In a new world of re-appropriated resources, emerging mechanical think tanks, processes and algorithms, the digital agencies of the future have sought, at great lengths to digitize the human creative process, while other, more traditional ad agencies of old, are desperately striving to incorporate the digital medium as an adjunct to the time-tested advertising of days-gone-by.
Who has it right? Neither.
The latest thinking that everything in advertising is completely changing, based on the growth of interactive media is inherently flawed. In order to succeed in the new world of advertising, human creativity must not be scorched from the face of digital branding and interactive must not be thought of as merely a cutesy upgrade for traditional marketing.
To succeed in the new age of marketing, agencies must be both human and digital. The creative story must begin at its origins, developed in the mind of it’s human counterparts, but a new framework for the process of that thinking must be inherently different. One that requires much more.
Yes, brands must be romanced metaphorically, but also extended into more than a single snapshot. Brands must tell and become story’s with behaviors, that do more than talk at you. Brands must do more than inform. They must engage, ask questions, challenge, entertain and give you a reason to reengage, again and again.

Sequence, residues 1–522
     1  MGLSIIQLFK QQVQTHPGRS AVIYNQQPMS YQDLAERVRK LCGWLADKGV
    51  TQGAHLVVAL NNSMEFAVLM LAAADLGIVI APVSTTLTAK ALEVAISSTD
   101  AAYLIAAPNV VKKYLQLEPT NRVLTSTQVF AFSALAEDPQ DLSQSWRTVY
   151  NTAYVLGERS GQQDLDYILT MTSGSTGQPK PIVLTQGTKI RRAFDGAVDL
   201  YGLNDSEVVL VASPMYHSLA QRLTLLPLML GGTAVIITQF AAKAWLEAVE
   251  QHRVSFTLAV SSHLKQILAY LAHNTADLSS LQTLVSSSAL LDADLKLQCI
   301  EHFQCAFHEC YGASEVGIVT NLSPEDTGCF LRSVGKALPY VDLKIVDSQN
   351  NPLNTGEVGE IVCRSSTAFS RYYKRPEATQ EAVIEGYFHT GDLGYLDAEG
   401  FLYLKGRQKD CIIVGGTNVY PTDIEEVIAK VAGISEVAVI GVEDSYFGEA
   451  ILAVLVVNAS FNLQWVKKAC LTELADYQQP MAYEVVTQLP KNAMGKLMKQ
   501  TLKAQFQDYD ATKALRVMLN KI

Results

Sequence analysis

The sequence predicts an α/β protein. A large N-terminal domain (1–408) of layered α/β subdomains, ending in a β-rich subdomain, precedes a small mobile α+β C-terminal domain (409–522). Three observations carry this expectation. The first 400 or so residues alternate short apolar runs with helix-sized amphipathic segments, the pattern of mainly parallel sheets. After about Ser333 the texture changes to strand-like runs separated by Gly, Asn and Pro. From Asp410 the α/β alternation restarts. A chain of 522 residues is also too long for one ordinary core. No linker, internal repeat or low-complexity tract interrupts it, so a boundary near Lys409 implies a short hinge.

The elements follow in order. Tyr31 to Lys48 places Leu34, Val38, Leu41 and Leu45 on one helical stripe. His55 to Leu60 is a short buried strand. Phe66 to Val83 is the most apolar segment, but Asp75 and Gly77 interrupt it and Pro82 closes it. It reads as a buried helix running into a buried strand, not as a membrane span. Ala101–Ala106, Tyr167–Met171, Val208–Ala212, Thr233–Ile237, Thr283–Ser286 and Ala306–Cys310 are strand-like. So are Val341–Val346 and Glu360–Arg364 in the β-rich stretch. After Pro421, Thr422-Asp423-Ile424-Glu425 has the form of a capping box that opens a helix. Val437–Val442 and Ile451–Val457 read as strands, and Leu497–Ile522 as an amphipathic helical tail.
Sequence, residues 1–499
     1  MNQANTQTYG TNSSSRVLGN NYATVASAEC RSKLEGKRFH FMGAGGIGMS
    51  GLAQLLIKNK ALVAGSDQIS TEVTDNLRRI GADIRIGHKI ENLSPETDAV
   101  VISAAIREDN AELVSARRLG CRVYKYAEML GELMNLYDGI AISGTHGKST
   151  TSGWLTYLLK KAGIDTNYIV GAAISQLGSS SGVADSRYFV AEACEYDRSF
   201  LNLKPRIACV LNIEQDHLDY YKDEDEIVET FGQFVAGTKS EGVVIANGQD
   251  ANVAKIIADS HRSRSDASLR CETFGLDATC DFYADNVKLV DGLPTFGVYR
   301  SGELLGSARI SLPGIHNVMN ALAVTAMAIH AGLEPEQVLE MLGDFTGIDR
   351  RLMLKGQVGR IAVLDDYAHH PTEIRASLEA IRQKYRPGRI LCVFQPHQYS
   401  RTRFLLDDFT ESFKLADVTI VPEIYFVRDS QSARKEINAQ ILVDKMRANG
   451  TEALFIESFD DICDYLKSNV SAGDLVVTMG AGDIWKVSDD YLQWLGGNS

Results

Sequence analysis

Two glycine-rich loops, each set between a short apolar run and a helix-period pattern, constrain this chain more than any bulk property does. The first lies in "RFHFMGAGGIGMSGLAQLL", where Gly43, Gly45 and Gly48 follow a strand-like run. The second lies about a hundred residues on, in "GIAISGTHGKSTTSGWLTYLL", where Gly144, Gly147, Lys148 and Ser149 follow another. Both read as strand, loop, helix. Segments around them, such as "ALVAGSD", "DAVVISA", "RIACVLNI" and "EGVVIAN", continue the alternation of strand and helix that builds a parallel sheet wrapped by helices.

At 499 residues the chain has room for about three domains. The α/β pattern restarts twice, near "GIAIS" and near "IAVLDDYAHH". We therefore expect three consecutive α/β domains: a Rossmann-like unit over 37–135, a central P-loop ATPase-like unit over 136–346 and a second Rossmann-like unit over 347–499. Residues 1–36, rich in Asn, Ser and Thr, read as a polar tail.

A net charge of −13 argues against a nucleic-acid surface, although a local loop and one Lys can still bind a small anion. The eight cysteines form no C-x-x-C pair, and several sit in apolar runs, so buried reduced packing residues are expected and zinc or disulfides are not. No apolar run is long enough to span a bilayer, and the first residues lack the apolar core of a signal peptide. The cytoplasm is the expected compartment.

To accomplish this, the mentality of the “agencies of old” and the “digital agencies of new” must be combined and learn to work cohesively to find the happy medium that translates to all mediums.
The Science Behind the Science
Creativity is developed through the insightful vision in the neural pathways of the viewer. Traditional vision is quickly limited by the brains ability to use schemas and find the path of least resistance. It makes the brain more efficient, enabling it to quickly assess situations, develop solutions to everyday problems, and do it all utilizing the least amount of energy possible.
With the efficiency of the brain, true creativity must be forced. It must be trained. “In order to think creatively, you must develop new neural pathways and break out of the cycle of experience-dependent categorization”.
That is why computer generated algorithmic computations will never be creative and inevitably all will fail or, at the very best, fall drastically short.
Computers lack the ability to infuse emotion, be driven by human response, and develop ideas based on millions of minutia gathered over decades of experience.
In truth, the human brain is the greatest “time-tested” competitive and creative machine that we can employ to develop the best message… that inevitably will convince other humans to engage and purchase.
Why then would we ever consider removing it from the process?